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Examination behavior – Gender differences in preferences?

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Author Info

  • Nekby, Lena

    ()
    (Department of Economics, Stockholm University)

  • Skogman Thoursie, Peter

    ()
    (IFAU - Institute for Evaluation of Labour Market and Education Policy)

  • Vahtrik, Lars

    ()
    (Department of Economics, Stockholm University)

Abstract

A unique examination strategy in first year microeconomics courses is used to test for gender differences in preferences in examination behavior. Students have the possibility of attaining a seminar bonus on the final exam for near-perfect seminar attendance and are given two voluntary initial quizzes during the semester. At the final exam, the scores received on initial quizzes can either be accepted as is, or students can attempt to improve their marks by answering similar quiz questions on the exam. Results suggest that female students are more likely to take initial quizzes and receive a seminar bonus but are less likely to re-take quiz-questions on the final exam. These results suggest higher risk aversion among female students relative to male students, behavioral differences with tangible implications in terms of final grades on the course.

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Bibliographic Info

Paper provided by IFAU - Institute for Evaluation of Labour Market and Education Policy in its series Working Paper Series with number 2013:1.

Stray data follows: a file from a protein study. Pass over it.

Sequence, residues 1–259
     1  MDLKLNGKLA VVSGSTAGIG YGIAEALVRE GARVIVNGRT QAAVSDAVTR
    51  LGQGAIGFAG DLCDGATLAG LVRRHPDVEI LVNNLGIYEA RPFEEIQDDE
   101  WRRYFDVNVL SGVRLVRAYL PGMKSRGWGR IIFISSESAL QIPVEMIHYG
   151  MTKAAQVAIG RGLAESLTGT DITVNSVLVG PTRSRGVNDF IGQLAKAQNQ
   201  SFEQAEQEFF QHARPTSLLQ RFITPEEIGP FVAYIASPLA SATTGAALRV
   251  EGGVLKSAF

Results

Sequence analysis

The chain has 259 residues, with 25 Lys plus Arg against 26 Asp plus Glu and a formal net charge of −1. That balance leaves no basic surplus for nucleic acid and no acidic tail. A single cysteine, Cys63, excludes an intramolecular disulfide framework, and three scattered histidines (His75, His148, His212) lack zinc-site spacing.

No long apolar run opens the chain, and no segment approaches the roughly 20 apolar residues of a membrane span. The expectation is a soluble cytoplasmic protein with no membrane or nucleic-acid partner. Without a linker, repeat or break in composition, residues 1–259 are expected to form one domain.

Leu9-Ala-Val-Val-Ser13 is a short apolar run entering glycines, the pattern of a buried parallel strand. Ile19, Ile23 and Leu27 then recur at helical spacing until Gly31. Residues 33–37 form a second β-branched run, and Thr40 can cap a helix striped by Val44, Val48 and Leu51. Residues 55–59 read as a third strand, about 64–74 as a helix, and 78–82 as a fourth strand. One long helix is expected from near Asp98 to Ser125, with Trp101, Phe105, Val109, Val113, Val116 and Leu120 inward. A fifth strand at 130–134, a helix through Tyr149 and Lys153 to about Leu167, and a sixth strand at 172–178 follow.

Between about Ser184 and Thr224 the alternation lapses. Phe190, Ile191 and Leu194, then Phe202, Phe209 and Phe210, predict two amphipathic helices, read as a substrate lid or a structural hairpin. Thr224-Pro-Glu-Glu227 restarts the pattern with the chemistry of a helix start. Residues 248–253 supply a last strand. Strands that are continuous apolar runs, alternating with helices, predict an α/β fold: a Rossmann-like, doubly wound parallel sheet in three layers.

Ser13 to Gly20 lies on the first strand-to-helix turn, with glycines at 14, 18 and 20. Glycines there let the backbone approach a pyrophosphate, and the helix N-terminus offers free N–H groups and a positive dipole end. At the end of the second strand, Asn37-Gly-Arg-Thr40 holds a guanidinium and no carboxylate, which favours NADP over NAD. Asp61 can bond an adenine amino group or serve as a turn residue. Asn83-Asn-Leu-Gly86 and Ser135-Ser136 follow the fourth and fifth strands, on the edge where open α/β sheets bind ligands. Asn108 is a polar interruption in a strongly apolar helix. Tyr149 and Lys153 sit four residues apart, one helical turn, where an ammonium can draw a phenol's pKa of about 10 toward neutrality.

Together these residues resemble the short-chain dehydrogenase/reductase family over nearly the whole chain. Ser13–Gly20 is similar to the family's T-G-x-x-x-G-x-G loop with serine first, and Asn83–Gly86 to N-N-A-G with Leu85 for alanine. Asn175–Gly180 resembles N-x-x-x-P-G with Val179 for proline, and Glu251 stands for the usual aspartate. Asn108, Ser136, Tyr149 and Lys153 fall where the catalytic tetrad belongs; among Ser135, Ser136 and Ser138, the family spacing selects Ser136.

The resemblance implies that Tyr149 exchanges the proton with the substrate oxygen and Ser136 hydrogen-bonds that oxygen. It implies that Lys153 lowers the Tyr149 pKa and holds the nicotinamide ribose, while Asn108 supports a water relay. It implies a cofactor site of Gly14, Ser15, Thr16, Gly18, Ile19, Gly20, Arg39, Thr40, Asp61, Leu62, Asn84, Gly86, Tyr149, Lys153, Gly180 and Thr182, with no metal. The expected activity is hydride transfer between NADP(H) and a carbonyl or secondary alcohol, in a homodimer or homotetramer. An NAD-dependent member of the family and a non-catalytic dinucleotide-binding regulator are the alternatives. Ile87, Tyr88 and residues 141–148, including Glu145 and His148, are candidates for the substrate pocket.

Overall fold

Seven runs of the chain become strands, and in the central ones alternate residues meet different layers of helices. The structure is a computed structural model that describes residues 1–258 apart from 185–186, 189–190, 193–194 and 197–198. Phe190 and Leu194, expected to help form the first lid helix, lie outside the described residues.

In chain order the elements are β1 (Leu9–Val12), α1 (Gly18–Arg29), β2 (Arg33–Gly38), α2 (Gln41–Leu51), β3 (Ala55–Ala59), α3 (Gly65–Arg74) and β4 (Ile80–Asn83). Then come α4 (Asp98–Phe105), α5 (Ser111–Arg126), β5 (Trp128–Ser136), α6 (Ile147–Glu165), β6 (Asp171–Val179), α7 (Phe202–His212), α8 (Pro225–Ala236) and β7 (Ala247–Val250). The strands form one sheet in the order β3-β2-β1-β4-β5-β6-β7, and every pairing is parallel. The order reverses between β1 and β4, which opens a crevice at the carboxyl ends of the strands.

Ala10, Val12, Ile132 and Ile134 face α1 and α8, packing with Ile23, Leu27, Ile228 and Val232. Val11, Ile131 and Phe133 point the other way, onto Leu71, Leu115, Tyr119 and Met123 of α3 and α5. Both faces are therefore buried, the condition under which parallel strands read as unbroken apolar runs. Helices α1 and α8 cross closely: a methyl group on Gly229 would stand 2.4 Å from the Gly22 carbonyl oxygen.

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Length: 23 pages
Date of creation: 10 Jan 2013
Date of revision:
Handle: RePEc:hhs:ifauwp:2013_001

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Keywords: Gender; preferences; risk aversion; overconfidence;

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  1. Nekby, Lena & Skogman Thoursie , Peter & Vahtrik, Lars, 2007. "Gender and Self-Selection Into a Competitive Environment: Are Women More Overconfident Than Men?," Research Papers in Economics 2007:3, Stockholm University, Department of Economics.
  2. Marie-Claire Villeval & Nabanita Datta Gupta & Anders Poulsen, 2005. "Male and Female Competitive Behavior - Experimental Evidence," Working Papers 0512, Groupe d'Analyse et de Théorie Economique (GATE), Centre national de la recherche scientifique (CNRS), Université Lyon 2, Ecole Normale Supérieure.
  3. Dwyer, Peggy D. & Gilkeson, James H. & List, John A., 2002. "Gender differences in revealed risk taking: evidence from mutual fund investors," Economics Letters, Elsevier, vol. 76(2), pages 151-158, July.
  4. Stanley M. Atkinson & Samantha Boyce Baird & Melissa B. Frye, 2003. "Do Female Mutual Fund Managers Manage Differently?," Journal of Financial Research, Southern Finance Association & Southwestern Finance Association, vol. 26(1), pages 1-18.
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